It’s been a tough week. I’ve had to spend more days in bed than I’d like to, and am feeling the gloomy fingers of depression creeping back into my life. I realize I’ve had a lot on my plate lately, so this change in mood is an entirely predictable response. That doesn’t mean I have to like it, though.
So this week I only have a few articles to share, mostly because my (non-sleeping) time has been spent keeping up with the BC wildfire situation (more than 40,000 people evacuated, with 20,000 more on evacuation alert), working in the garden, writing a book review, and copy editing a scientific paper.
Science writing with a mental illness
This article by Alex Riley at The Open Notebook popped up in my Twitter feed yesterday morning, and felt especially timely given how my last week has gone. Riley does an excellent job of explaining how his mental illness (depression) affects his everyday work, and also brings in science writers with other mental illnesses (bipolar, OCD, anxiety) to share their experiences.
A few things really resonated with me, including how submitting an article to an editor (even just pitching an article!) is difficult because you have to deal with judgement and criticism—both of which can send the mind into a ruminating tailspin, which feeds the illness.
Riley also writes,
“Not knowing how I will feel in the next few hours makes committing to hitting embargoes and daily deadlines a near-to-impossible task.”
For me it’s not knowing how I’ll feel over a span of days, so I usually set long deadlines that can accommodate a series of bad days.
Riley talks about managing illness through medication and therapy, and also tailoring your career to suit your abilities. This is a critical point—as freelancers, we don’t all have to be pitching 24–7, going on long reporting junkets, or writing pieces on a 24-hr turnaround time. We have the ability to decide what type of work suits the needs of our health conditions. I’ve mentioned previously that I struggle with seeing what other science writers are doing and thinking I should be doing the same, even though I know I’m not capable of sustaining that level of activity.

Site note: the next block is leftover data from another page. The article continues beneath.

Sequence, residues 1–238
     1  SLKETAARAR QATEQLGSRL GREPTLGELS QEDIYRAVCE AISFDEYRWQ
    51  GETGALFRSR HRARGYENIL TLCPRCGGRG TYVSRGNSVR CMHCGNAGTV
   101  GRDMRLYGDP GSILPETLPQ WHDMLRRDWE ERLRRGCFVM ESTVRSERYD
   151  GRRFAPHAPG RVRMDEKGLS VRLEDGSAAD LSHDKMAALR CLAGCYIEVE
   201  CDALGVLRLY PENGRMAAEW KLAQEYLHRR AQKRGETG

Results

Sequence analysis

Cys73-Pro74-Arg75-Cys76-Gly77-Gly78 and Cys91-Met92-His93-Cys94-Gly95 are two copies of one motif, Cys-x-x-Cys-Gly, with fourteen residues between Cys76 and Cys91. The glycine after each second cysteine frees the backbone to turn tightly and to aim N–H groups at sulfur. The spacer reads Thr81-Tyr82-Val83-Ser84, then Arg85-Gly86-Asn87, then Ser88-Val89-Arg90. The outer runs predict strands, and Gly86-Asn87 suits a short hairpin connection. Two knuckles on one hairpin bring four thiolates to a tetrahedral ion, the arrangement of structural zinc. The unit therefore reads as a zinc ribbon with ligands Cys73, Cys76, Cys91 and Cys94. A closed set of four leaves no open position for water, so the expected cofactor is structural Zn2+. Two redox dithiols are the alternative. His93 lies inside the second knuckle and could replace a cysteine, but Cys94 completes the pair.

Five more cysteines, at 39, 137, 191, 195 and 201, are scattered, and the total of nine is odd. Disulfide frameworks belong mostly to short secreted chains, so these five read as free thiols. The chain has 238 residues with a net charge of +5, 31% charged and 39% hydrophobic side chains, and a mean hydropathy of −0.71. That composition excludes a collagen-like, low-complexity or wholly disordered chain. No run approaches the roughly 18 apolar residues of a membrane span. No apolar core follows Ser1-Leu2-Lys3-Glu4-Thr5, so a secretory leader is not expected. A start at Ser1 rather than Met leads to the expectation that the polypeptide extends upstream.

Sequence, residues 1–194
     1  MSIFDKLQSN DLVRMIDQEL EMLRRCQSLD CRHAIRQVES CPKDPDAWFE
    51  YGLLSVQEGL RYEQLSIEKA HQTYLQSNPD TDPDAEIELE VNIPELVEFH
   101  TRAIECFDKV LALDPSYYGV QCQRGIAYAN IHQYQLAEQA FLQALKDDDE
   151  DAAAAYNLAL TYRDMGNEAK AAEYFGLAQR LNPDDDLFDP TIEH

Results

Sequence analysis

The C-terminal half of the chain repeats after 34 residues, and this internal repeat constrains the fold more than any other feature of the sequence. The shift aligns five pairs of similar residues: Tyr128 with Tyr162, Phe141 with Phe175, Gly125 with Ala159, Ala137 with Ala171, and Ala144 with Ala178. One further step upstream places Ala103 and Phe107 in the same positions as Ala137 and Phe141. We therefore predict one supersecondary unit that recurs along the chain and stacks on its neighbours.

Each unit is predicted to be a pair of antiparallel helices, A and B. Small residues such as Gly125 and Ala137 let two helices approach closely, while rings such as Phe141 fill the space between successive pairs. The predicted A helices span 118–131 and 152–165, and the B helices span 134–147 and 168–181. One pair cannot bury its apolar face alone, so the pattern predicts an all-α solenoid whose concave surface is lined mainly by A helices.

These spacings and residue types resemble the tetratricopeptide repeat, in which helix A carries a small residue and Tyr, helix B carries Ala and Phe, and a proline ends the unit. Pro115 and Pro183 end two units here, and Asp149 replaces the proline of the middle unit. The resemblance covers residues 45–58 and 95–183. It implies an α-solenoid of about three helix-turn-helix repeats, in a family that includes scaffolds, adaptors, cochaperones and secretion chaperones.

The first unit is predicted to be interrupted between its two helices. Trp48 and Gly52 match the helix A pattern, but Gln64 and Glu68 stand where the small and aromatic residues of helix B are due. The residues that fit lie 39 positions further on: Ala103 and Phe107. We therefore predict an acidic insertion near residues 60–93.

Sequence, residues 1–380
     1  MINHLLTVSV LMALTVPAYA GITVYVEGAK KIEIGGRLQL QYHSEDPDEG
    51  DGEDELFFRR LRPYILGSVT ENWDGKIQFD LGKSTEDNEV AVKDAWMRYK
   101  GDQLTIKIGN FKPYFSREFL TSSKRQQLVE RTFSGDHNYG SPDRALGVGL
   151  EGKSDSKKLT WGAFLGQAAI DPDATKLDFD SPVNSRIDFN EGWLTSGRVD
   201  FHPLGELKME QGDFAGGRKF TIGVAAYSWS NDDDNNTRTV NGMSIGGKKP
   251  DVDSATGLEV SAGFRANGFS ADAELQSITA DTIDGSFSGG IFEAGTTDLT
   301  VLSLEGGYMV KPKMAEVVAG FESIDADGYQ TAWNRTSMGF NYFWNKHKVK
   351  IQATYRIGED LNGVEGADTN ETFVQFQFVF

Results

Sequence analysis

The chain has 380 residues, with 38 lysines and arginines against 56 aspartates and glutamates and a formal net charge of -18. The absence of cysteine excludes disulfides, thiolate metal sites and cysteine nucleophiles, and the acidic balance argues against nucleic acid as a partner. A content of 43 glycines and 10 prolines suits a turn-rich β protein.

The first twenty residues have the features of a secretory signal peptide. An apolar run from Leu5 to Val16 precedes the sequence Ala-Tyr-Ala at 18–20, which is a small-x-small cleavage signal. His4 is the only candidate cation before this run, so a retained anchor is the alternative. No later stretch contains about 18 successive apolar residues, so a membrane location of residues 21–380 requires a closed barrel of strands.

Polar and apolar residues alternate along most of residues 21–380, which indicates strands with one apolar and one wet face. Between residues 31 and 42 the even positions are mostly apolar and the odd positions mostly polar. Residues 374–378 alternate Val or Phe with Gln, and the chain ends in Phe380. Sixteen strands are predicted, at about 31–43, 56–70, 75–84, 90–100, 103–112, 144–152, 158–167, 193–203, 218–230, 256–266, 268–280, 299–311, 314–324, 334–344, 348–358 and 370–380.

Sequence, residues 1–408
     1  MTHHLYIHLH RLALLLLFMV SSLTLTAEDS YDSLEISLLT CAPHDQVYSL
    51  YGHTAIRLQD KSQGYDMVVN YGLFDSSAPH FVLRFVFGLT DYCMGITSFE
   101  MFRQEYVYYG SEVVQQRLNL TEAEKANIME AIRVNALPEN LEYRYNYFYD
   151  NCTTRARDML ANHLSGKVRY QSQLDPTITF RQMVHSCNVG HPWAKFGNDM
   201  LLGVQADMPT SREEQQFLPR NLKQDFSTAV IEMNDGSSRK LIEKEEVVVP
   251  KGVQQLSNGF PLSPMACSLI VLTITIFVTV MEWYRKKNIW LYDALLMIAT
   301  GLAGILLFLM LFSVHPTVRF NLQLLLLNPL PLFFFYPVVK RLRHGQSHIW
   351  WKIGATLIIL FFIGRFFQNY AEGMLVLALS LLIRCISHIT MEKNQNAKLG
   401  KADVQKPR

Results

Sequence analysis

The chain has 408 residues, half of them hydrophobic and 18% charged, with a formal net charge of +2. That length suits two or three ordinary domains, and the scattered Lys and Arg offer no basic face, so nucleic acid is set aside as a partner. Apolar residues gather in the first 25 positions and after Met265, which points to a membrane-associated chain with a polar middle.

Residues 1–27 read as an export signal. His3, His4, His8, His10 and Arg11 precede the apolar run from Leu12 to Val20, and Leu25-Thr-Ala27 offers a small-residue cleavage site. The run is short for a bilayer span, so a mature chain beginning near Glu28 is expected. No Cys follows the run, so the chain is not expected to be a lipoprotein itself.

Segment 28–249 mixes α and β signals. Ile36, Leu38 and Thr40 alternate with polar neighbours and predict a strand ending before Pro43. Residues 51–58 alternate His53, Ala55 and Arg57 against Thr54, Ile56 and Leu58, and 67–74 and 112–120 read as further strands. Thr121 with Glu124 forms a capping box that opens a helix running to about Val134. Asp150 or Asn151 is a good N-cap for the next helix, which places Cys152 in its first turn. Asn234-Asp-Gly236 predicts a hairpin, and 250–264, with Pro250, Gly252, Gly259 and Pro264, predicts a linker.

I highly recommend this piece to other science writers—and other people in general—who are dealing with mental health issues.
A paper recently came out in PNAS that calls the current decline in animal populations a “global epidemic,” part of the “ongoing sixth mass extinction” and caused mainly by human destruction of animal habitat. The ecologist authors warn that the era of “biological annihilation” is underway. Their research focused on using species’ ranges to extrapolate population losses and declines, a method used by the International Union for the Conservation of Nature.
I shared an article in my first Wednesday on the Web (21 June) in which a prominent paleontologist said we weren’t facing a sixth extinction because “we haven’t seen the major ecosystem collapses we might expect.” It’s interesting that ecologists and paleontologists don’t seem to see eye to eye on this topic.
The ecologists acknowledge that
“the study is written in unusually alarming tones for an academic research paper… [and say] it wouldn’t be ethical right now not to speak in this strong language to call attention to the severity of the problem.”
Based on this research (and the work of others), I’m going to assume that the sixth extinction is well underway.